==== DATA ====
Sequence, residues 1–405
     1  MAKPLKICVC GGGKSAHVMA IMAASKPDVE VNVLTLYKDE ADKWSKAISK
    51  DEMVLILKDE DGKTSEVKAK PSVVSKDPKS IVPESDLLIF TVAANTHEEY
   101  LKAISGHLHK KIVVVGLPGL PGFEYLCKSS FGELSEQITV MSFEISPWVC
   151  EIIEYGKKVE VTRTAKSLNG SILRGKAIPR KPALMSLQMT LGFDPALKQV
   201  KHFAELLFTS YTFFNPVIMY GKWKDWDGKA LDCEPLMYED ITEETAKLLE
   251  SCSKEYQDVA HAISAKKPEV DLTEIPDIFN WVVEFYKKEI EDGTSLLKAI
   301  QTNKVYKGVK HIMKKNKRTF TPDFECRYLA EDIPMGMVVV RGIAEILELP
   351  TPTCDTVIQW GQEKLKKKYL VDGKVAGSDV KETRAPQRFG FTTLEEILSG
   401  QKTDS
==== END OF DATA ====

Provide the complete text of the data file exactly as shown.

Sequence, residues 1–405
     1  MAKPLKICVC GGGKSAHVMA IMAASKPDVE VNVLTLYKDE ADKWSKAISK
    51  DEMVLILKDE DGKTSEVKAK PSVVSKDPKS IVPESDLLIF TVAANTHEEY
   101  LKAISGHLHK KIVVVGLPGL PGFEYLCKSS FGELSEQITV MSFEISPWVC
   151  EIIEYGKKVE VTRTAKSLNG SILRGKAIPR KPALMSLQMT LGFDPALKQV
   201  KHFAELLFTS YTFFNPVIMY GKWKDWDGKA LDCEPLMYED ITEETAKLLE
   251  SCSKEYQDVA HAISAKKPEV DLTEIPDIFN WVVEFYKKEI EDGTSLLKAI
   301  QTNKVYKGVK HIMKKNKRTF TPDFECRYLA EDIPMGMVVV RGIAEILELP
   351  TPTCDTVIQW GQEKLKKKYL VDGKVAGSDV KETRAPQRFG FTTLEEILSG
   401  QKTDS